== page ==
Governing Through Gun Crime: How Chicago Funded Police After the 2020 BLM Protests
Harvard Law Review Forum (June 2022, Forthcoming)
13 Pages Posted: 6 Apr 2022 Last revised: 30 Sep 2022
Date Written: February 28, 2022
From May 29, 2020 onward, the city of Chicago witnessed an escalating wave of protests against police violence under the Black Lives Matter (or BLM) banner. Some 52,000 people participated in BLM protests in the city. Yet just over a year later, the Chicago City Council passed Mayor Lori Lightfoot’s municipal budget with a $189 million dollar jump in police funding. What then happened to defuse the momentum of social change in Chicago? The answer, we contend in this essay, has in part to do with guns, and in particular the way that we talk about guns. Through increased rhetoric about illegal guns and heightened enforcement of gun possession laws, Chicago’s mayor and police chief have managed to legitimize an increase in policing that widened racial inequalities at a time of unprecedented pressure from activists. In the teeth of sharp criticism from BLM, Mayor Lightfoot deployed a historically enduring set of arguments about gun violence against liberal reform-minded political competitors. At the same time, her police superintendent pressed for a set of coercive responses that again had at best questionable effects on gun violence even as they more assuredly reinforced racially stratified patterns of law enforcement. The result has been a shift in policing resources that has increased the disparate burden of policing upon Chicago’s Black and Hispanic communities without much evidence of an offsetting public-safety benefit. This echoes experience in similar past periods of social unrest, when Chicago used gun-talk to defuse mobilizing energies of social movements.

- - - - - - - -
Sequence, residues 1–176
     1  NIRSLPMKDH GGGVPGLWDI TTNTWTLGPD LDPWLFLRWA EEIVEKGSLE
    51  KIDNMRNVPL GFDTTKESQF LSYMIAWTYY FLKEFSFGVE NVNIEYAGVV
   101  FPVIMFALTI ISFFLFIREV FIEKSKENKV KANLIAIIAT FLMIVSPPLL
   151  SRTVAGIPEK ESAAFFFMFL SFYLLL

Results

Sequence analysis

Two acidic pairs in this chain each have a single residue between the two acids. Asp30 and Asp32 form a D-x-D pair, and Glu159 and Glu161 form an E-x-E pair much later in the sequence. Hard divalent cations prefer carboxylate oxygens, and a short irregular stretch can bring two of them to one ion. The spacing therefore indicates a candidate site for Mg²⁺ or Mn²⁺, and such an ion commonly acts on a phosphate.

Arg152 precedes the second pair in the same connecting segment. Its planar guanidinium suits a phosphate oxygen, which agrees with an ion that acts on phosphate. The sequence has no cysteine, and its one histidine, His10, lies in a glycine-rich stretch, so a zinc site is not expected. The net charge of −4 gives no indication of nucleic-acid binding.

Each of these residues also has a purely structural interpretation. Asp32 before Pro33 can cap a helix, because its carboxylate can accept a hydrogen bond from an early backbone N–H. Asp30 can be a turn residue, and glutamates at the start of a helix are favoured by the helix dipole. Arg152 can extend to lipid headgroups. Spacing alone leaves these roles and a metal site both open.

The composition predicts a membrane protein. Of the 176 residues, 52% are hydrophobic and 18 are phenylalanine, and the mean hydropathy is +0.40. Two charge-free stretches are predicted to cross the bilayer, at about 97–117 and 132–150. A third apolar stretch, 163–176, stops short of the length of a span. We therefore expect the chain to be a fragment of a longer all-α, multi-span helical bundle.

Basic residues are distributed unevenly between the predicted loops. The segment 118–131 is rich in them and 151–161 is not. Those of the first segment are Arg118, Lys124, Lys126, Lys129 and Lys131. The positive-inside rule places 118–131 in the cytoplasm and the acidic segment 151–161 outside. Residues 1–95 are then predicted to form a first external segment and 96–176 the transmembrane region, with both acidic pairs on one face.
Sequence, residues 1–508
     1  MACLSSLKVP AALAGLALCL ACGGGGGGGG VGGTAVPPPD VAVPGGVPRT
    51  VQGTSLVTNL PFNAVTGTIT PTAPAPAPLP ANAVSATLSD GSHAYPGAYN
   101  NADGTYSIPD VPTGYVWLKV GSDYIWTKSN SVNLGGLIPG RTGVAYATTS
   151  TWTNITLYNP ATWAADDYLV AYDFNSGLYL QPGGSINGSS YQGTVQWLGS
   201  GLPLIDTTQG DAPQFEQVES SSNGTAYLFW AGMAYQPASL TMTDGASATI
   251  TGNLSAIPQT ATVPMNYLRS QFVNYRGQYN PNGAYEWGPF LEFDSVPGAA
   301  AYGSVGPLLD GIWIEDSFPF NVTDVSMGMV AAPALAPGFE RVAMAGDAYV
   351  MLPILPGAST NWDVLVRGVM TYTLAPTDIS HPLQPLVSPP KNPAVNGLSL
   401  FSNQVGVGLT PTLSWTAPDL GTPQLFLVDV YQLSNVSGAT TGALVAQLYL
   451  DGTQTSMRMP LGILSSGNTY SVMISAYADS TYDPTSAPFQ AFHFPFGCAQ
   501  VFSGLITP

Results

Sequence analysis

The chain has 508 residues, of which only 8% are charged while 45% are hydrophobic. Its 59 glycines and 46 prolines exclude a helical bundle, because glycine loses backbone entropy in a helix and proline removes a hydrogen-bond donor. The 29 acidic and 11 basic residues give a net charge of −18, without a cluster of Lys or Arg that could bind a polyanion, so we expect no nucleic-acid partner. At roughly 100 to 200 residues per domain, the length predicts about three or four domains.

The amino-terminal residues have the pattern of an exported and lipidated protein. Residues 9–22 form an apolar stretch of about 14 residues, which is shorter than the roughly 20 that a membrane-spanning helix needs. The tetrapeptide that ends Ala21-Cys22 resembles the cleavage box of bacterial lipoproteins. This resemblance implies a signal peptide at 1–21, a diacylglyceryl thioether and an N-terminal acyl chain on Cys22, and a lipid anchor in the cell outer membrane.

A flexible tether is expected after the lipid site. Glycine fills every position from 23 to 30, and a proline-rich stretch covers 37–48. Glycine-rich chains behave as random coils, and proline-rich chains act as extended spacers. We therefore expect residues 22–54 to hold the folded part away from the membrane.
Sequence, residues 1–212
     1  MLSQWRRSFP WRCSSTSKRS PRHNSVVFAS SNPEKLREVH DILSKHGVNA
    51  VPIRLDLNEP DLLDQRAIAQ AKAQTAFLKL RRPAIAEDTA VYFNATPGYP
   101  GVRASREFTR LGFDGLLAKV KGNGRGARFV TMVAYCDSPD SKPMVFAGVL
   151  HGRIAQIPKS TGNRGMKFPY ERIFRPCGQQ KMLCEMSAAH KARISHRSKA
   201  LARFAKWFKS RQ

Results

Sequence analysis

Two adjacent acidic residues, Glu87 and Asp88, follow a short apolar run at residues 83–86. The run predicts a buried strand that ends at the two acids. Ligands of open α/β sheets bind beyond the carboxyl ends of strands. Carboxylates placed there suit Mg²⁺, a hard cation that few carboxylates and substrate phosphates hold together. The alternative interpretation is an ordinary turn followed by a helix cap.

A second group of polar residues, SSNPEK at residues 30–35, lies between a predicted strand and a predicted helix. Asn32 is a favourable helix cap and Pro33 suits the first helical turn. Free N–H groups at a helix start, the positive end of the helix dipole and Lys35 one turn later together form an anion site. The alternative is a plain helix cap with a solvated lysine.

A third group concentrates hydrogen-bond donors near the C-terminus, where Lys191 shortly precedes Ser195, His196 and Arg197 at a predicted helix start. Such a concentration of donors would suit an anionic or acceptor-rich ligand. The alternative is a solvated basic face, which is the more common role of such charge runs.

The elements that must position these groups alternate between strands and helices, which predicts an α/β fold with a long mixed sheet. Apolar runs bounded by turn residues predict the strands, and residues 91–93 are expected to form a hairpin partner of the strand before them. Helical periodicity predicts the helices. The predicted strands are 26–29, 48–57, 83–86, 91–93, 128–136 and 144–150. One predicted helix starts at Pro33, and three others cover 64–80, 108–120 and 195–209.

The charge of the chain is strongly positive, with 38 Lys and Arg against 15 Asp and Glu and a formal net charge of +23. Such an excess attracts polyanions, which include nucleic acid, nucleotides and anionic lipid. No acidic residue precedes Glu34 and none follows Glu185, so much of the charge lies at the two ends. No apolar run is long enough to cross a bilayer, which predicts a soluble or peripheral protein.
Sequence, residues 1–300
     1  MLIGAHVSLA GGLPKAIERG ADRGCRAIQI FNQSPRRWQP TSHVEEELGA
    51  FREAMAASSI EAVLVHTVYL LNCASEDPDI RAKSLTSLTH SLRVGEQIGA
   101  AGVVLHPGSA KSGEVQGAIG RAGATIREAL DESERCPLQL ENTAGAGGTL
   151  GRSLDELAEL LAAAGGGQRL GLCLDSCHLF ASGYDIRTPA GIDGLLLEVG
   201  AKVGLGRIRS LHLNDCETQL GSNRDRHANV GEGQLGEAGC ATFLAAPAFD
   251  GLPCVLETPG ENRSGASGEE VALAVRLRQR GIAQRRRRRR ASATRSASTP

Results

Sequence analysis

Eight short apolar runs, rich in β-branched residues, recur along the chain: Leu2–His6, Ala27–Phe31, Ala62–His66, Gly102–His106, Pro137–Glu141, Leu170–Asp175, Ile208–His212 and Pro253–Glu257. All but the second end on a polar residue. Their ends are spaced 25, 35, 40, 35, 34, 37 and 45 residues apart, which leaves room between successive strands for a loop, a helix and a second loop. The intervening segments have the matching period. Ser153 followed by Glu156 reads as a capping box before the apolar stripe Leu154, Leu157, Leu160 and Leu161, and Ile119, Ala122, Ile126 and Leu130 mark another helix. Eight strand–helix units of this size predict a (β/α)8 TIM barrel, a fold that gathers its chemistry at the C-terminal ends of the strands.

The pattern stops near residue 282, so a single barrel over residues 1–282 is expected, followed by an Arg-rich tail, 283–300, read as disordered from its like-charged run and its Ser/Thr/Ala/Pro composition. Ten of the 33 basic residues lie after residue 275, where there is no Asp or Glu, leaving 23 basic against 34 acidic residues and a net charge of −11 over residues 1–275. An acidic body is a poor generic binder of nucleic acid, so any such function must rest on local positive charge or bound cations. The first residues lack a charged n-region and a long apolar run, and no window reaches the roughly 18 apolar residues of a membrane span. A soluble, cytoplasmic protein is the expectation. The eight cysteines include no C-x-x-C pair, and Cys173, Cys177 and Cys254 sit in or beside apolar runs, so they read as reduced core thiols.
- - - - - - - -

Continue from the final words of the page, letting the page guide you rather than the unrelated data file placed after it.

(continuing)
Keywords: Police reform, firearms, Chicago
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